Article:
## Introducing the Capital Asset Value Model (CAVM)

#### May 6, 2009 · 5 Comments We introduce a value-based investment model as alternative to the Capital Asset Pricing Model (CAPM) used by business schools, investment banks, and portfolio managers today around the world. We believe that the Capital Asset Valuation Model (CAVM) is a common sense approach to modeling risk-return in a way consistent with Graham and Dodd. We call it a model with some hesitation, as we only use simple algebra and common-sense to arrive at a solution. But the final solution may not come to much surprise many value investors.

Our Starting Point

In CAPM, expected return is dependent on beta, or price volatility relative to the general market as well as the average risk-free rate. It is inconceivable to us how expected returns can be measured as a function of past historical performance and the risk-free rate, as both are outside of the investor’s control.

Our starting point for the new model is recognizing that volatility is not equivalent to risk. To the contrary, as Graham points out in the Intelligent Investor, volatility is simply an opportunity to buy wisely when prices fall. Our model defines risk as the probability of capital loss associated with a particular investment decision. Defining risk as the probability of loss allows us to define key points in what will become the equation for CAVM. The two key points are:

1) The expected return will be greatest when the probability of loss is zero.

2) The expected return will be zero when the probability of loss is 100%.

Derivation of CAVM Equation

Mathematically, the two points above can be plotted in a x-y axis, where y is the expected return and x is the probability of loss (risk). The max and min points on the plot can be incorporated into a linear relationship between expected return and risk, where as expected, investment returns will be a function of risk. This yields the following linear relationship:

Re = Rmax – (Rmax)*[risk]

Since risk has been defined as the probability of loss, then: risk = 1-p, where p is the probability of gain, or a gain confidence interval. The equation becomes:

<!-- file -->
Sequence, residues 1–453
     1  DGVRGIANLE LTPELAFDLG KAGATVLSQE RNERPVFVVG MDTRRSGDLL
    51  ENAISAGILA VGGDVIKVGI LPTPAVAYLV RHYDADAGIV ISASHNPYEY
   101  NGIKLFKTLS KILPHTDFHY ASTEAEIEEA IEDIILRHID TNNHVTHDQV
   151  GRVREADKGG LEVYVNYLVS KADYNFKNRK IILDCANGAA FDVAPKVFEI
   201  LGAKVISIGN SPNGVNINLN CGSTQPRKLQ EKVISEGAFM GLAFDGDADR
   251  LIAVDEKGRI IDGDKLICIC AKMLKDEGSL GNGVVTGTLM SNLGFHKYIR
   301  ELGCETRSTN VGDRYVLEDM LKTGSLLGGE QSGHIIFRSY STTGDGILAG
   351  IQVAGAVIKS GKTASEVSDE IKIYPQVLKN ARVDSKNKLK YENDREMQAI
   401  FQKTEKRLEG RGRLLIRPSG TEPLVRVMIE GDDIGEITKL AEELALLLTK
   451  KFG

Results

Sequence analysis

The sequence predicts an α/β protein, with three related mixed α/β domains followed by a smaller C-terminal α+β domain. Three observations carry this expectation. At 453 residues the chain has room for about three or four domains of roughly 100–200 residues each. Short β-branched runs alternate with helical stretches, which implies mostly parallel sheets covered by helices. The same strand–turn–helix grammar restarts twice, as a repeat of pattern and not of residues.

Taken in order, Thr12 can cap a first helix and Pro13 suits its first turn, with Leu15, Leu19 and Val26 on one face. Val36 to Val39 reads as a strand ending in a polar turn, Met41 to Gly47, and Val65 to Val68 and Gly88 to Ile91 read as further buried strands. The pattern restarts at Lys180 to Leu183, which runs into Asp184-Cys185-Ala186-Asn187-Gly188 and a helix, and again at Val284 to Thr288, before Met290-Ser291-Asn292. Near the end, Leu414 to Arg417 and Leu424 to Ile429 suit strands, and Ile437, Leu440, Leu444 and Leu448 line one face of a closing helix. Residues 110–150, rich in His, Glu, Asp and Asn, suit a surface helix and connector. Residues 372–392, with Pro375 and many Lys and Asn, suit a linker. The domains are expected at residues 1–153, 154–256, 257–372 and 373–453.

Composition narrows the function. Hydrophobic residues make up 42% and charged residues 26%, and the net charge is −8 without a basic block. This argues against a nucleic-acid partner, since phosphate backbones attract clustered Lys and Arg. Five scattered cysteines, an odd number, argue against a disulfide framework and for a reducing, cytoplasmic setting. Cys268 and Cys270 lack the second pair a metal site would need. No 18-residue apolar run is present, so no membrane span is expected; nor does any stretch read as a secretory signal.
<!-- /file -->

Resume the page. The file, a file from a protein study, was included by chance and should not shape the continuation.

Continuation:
Re = Rmax – (Rmax)*[1-p]

or

Re = Rmax*p

This simple equation makes sense. It tells us that the expected return on an investment will be the maximum possible return one can achieve on a particular idea multiplied by a confidence interval. We believe that confidence interval p is dependent on only two things:

1) The certainty to which the gap between value and price will close within the desired or expected time frame.

2) The certainty to which the value of the investment can be measured from the information available to us.

To add a time variable into our equation, we add variable T as one with inverse effect on the expected returns. Our equation becomes:

Re = Rmax*[p/T]

Value investors may also recognize that the maximum expected return Rmax occurs when the gap between intrinsic value and price is zero, such that:

Rmax = (IV-Price)/Price

Where IV is the estimated intrinsic value and price is the current price. This equation is zero when IV=Price, or when margin of safety (MOS) is zero.

We, as value investors, define margin of safety as:

MOS = 1-[Price/IV]

So that if price for an investment is for example \$20, with an estimated IV of \$30, the margin of safety would be 33%. This means that we as investors are paying 67 cents for every dollar of intrinsic value.

Combining the equations for Rmax and MOS provides us with an equation for Rmax solely dependent on MOS:

Rmax = MOS/(1-MOS)

So our equation for expected return becomes:

Re = [MOS/(1-MOS)] *[p/T]

We believe, as value investors, that this is the equation every investor should be using as an alternative to CAPM. In fact, we believe value investors unknowingly make such calculation when evaluating potential upside vs. downside for each of their investments. The equation is simple, and implies that the only things that matter when making investment decisions are: the margin of safety (MOS), one’s confidence that our calculations are correct (p), and the time it takes for the price-value gap to close (T).

Thoughts on the Risk-Return Equation

There are several interesting thoughts that arise from the equation we have derived. Some are outlined below.

- Contrary to CAPM, risk decreases the probability of returns. Maximum expected return is only achieved by completely eliminating risk.

- The maximum risk on an investment is obtained on 3 different ways: margin of safety is zero, confidence interval p is zero, and time is infinity. Therefore, minimum risk comes from having large margin of safety, high confidence interval, and realizing value in the shortest time possible.

- Equation supports Buffett’s idea to investment in businesses whose “cash flows are highly predictable”. A highly predictable business would imply the investor has a high confidence interval p, since the probability of properly establishing an appropriate intrinsic value is high.